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Screw wheels, treads or walking. For some robots and vehicles, their sole means of mobility is jumping or hopping around, as silly as that might seem at first glance.

In reality, this is a Justified Trope as this enables robots to actually walk and even climb the stairs without actually having any knees to bend, which simplifies their construction, albeit can leave them vulnerable to falling over.

See also Spring Coil.

Examples of Hopping Machine include:


Comic Books

Literature

  • In the Red Dwarf novel Infinity Welcomes Careful Drivers, cars on the Spanish-owned port of Mimas on one of the moons of Saturn are a variation on the trope: they normally employ wheels but can also use hydraulic legs to leap into the air in order to bypass the city's notorious traffic congestion. The first chapter, in which Lister is scraping a living hotwiring cabs for the night and picking up fares, goes into some detail about the disadvantages of this technology.
  • In the opening of Heavy Weather by Bruce Sterling, the heroine rescues her brother using one of these. Later, that brother has some drugs and other items smuggled across the border to him using a one-legged hopping robot carrier.
  • At the end of Bert's Hall of Great Inventions, Bert shows Ernie an electric hopping baby carriage. As in the rest of the book, Ernie is reminded of an animal with similar abilities.

Live Action Television

Tabletop Games

  • GURPS 4th edition Ultratech handbook includes, in its chapter on Nanomachines, the "hopper" type--microbots that resemble metallic fleas or crickets.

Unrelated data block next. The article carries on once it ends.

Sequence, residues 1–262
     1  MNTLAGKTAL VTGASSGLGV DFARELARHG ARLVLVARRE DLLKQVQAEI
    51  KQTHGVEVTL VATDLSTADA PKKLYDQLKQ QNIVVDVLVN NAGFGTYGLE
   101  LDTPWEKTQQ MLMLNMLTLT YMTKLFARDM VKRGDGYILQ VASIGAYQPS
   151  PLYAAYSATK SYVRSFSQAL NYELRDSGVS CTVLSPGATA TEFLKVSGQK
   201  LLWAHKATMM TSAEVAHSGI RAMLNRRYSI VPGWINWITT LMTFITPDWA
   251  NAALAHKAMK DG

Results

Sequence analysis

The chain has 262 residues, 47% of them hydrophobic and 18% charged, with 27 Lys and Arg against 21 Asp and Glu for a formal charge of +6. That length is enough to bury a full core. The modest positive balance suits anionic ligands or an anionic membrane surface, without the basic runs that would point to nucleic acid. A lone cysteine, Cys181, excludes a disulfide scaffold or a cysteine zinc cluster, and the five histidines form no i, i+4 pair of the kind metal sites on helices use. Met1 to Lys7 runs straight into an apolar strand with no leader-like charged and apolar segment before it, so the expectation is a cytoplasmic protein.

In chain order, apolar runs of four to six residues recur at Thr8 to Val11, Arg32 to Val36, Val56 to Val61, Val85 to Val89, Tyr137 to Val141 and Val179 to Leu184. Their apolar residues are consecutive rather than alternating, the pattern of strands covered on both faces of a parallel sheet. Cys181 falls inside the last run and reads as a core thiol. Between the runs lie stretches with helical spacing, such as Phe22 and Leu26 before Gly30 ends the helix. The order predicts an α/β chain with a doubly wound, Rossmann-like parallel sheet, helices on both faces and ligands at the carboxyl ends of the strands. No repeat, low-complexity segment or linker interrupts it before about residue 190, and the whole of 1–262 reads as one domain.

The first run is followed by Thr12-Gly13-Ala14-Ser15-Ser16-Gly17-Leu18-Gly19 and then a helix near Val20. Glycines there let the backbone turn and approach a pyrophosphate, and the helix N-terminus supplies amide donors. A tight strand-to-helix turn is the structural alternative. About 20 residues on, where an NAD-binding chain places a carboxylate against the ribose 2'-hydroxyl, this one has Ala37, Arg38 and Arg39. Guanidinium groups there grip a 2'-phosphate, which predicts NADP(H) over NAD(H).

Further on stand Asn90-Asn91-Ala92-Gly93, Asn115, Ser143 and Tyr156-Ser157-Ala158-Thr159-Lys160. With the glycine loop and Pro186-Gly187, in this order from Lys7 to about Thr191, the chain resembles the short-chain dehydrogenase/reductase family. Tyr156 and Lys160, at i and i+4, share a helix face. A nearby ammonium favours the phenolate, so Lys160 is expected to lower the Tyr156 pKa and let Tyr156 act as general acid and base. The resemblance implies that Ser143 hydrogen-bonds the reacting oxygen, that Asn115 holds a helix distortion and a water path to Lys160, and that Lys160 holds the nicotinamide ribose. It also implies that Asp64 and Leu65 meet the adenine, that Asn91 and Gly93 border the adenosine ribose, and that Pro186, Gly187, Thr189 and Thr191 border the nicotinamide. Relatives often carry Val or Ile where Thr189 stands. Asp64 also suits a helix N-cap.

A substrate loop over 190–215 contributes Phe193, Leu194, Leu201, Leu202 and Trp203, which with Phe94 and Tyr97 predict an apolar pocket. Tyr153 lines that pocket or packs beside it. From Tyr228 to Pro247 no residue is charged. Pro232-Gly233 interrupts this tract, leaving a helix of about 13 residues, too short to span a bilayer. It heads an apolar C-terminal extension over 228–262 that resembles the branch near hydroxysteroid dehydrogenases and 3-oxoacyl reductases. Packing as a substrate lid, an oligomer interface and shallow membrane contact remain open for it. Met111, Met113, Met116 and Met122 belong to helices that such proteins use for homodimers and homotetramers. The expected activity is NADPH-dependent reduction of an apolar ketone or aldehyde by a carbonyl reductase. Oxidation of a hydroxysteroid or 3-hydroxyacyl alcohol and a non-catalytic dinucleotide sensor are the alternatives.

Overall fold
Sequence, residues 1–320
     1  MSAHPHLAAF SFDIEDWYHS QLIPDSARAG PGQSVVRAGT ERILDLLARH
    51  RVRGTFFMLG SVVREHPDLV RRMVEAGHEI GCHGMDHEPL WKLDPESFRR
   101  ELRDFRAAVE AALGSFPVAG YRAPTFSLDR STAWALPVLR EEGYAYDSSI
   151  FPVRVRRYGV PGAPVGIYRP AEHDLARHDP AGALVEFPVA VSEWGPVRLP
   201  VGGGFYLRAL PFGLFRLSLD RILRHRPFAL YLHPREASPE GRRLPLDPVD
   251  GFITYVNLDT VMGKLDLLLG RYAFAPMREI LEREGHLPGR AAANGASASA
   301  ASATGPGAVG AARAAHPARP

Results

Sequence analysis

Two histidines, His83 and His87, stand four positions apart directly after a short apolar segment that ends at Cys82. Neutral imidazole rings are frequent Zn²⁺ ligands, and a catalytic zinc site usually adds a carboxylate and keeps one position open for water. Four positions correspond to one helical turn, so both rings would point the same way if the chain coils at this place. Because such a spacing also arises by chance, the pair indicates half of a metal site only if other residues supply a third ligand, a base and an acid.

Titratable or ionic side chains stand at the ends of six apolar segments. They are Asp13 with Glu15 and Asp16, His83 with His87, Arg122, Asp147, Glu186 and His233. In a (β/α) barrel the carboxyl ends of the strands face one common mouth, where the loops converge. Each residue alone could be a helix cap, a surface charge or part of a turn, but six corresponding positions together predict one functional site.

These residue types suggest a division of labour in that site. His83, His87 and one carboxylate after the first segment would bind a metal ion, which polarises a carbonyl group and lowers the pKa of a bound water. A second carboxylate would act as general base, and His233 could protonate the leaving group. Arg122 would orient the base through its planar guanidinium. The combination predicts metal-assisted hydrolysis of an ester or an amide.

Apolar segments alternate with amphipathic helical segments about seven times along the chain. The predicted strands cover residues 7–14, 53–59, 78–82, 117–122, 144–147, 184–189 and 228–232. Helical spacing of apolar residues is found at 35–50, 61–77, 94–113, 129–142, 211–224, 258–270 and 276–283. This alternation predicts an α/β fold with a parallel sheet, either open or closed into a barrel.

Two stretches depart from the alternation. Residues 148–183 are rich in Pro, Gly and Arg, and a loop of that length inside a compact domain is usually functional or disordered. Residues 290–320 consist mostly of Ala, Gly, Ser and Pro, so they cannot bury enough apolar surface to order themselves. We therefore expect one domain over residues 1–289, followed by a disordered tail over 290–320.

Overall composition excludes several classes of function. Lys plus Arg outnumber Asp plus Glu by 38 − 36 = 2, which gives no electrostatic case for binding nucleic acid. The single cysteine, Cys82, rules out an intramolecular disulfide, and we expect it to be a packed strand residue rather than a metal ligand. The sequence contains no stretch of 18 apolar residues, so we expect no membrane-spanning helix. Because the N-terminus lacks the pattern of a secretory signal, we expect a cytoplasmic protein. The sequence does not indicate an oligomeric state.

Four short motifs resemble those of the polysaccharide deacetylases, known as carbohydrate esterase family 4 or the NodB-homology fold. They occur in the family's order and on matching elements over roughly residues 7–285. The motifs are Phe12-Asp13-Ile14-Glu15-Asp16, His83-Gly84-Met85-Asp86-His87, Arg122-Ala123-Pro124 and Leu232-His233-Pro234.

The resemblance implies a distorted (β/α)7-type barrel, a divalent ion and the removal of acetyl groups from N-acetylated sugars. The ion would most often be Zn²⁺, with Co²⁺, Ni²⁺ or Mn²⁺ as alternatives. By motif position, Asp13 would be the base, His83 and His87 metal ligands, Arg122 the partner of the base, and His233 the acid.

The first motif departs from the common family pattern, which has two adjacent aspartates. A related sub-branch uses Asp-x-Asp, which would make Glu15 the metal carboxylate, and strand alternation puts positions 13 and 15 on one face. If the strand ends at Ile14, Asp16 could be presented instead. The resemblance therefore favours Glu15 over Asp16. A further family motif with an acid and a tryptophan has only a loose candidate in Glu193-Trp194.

Video Games

  • In the RTS game Aztec Wars one of the Aztec military units is a cannon that moves by hopping around on one giant foot.
  • System Shock features robots called Hoppers, which are Exactly What It Says on the Tin.
  • Duke Nukem II has hopping, one-eyed robots as one of the enemy types.
  • Half-assed example: In Lego Star Wars, when C-3P0 gets hit his leg falls off and he hops to get around.
  • The TX-6 Jumpstart from Prinny: Can I Really Be the Hero. "No one knows if it's supposed to move like that, or if it's just broken."
  • The Big Eye from Mega Man. Every game of the original series has its own variation of that enemy, of which the one from the first and second game being the worst ones.
  • The Egg Spring from Sonic Advance.
  • The spring-like enemies in the Bubble Bobble series. If trapped in a bubble, they tend to take a very short time before breaking out.
  • Though not technically robots, there are some enemies and statues in The Legend of Zelda that get around by hopping.
  • The X-Bot from Heavy Weapon. Don't let him hop on your tank, it's a One-Hit Kill!
  • The Jumper enemies from Mini Robot Wars. They jump over all your units in a fashion similar to the Pogo Zombie from Plants vs. Zombies.
  • One vehicle from Makai Kingdom hops around on a single springy leg thing. It's even called the Hopster.

Western Animation

Web Comics

  • Narbonic's Professor Madblood once attempted to build a giant robot, but he only got as far as building a giant robotic foot, which has to move by hopping.
  • In Sluggy Freelance, Riff's Mark-19 robot can do this, but it only works once.
  • The above pictured Rabbit Ambulance, from Achewood.

Real Life

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